Entries in research methods (4)


The Ethics of OKCupid’s Dating Experiment

So let’s talk about the elephant in the room. You probably have noticed some widespread media coverage about OKCupid’s “experiment” wherein, to look for patterns in dating behavior, they manipulated aspects of the site without informing users (see OKCupid’s announcement here as well as coverage here and here). This revelation comes in the wake of Facebook’s massive experiment, which attracted similar attention and criticism. Commenters have questioned the ethics of these experiments primarily due to the fact that Facebook and OKCupid users did not know they were participating and did not consent to be in the study—nor were users directly notified about their participation after the experiment ended.

The idea that these large corporations would manipulate people’s emotions or behaviors without telling their users sounds very disturbing to some. But was this really such a big deal? Were these experiments really “unethical”? Let’s examine these issues further.

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Evidence to Support a Valid Online Dating Matching Algorithm: My Wish List

By Dr. Paul Eastwick, in collaboration with Drs. Eli Finkel, Ben Karney, Harry Reis, & Sue Sprecher

For centuries, entrepreneurial types have claimed to possess the secrets of romantic attraction, promising that their charms, potions, or drugs are the solution to the search for a perfect mate. With the rise and now ubiquity of the Internet, those offers have moved online and become increasingly sophisticated, but the promise remains the same.

Now, the potions come in the form of mathematical matching algorithms, a new alchemy that takes the basic elements of people—their attitudes, values, and personalities—and promises to transform them into golden dyads.

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Relationship Research Misrepresented in Defense of DOMA

One of our fields' more prolific researchers, Dr. Lisa Diamond, recently made the news when she found herself forced to submit an affadavit stating that John Boehner's legal team inaccurately used her research (and writing) to defend the Defense of Marriage Act. Briefly, Boehner implied that individuals are capable of changing their sexual orientation (see SofR's related post on the idea of reparative therapy by Dr. Lehmiller here), and used Dr. Diamond's research on sexual identity labels (not sexual orientation) to supposedly support the claim that sexual orientation is malleable. Read the full story over at the NY Times.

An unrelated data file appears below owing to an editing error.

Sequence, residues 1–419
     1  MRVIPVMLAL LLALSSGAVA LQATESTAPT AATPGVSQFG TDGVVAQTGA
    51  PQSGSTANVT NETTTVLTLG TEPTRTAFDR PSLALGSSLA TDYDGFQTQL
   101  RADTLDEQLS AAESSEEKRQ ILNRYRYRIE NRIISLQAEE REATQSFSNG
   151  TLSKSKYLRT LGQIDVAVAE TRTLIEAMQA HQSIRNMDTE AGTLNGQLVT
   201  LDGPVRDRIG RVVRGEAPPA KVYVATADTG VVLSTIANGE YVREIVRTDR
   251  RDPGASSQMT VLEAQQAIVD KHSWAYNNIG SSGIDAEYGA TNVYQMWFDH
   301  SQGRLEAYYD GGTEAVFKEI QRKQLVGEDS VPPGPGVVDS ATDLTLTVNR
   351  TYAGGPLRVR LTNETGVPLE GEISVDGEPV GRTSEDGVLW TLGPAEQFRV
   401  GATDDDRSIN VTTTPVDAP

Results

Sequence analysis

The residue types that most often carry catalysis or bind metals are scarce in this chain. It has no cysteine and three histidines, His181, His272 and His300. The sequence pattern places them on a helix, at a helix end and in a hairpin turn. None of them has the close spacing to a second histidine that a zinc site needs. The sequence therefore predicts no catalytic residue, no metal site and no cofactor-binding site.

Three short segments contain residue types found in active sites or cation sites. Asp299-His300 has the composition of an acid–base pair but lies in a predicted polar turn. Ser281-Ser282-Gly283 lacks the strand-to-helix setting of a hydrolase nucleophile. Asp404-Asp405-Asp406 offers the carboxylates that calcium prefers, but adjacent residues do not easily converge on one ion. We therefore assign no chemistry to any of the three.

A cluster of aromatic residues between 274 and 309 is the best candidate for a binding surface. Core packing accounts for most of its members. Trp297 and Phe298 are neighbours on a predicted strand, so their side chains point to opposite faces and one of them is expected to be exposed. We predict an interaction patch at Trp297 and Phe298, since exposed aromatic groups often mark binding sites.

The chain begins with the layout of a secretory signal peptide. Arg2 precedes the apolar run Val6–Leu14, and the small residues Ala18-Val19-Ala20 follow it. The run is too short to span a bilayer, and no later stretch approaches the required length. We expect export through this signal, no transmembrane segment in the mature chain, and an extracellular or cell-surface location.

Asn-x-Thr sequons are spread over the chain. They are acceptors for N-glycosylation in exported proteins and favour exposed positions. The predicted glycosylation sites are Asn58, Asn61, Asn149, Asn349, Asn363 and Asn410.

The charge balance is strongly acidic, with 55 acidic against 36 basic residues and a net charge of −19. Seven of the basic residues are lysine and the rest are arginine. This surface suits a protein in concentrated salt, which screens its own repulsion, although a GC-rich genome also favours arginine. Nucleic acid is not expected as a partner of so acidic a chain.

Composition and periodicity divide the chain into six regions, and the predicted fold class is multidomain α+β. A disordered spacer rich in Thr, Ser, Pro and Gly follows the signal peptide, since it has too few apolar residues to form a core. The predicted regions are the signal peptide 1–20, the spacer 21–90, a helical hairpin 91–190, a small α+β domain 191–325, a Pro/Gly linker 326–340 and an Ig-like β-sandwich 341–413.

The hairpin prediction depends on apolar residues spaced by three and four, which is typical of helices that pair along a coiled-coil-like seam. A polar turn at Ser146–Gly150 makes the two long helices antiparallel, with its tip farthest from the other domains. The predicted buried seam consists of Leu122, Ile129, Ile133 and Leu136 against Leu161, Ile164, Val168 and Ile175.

How’d They Do That?: The Nuts & Bolts of Relationship Research

One thing that distinguishes ScienceOfRelationships.com from other sites is the fact that we base all of our articles on published research. But, have you ever wondered “how’d they do that” when reading one of the research findings we’ve reported on? Sometimes learning how things are made, like hot dogs, can make them less enjoyable. However, in the case of relationships, learning how scientists go about studying relationships will give you greater appreciation for how research-based conclusions are drawn (and why they are more informative than others' advice based on their own idosyncratic observations).  (For a recap of the importance of research compared to anecdotes and opinion, check out “What is Relationship Science?” and a post on Psychology Today by SofR contributor Dr. Bjarne Holmes on “Setting a Higher Standard for Relationship Advice.”) Basically, learning a bit about the research process will make you a better consumer of the information we discuss on this site. 

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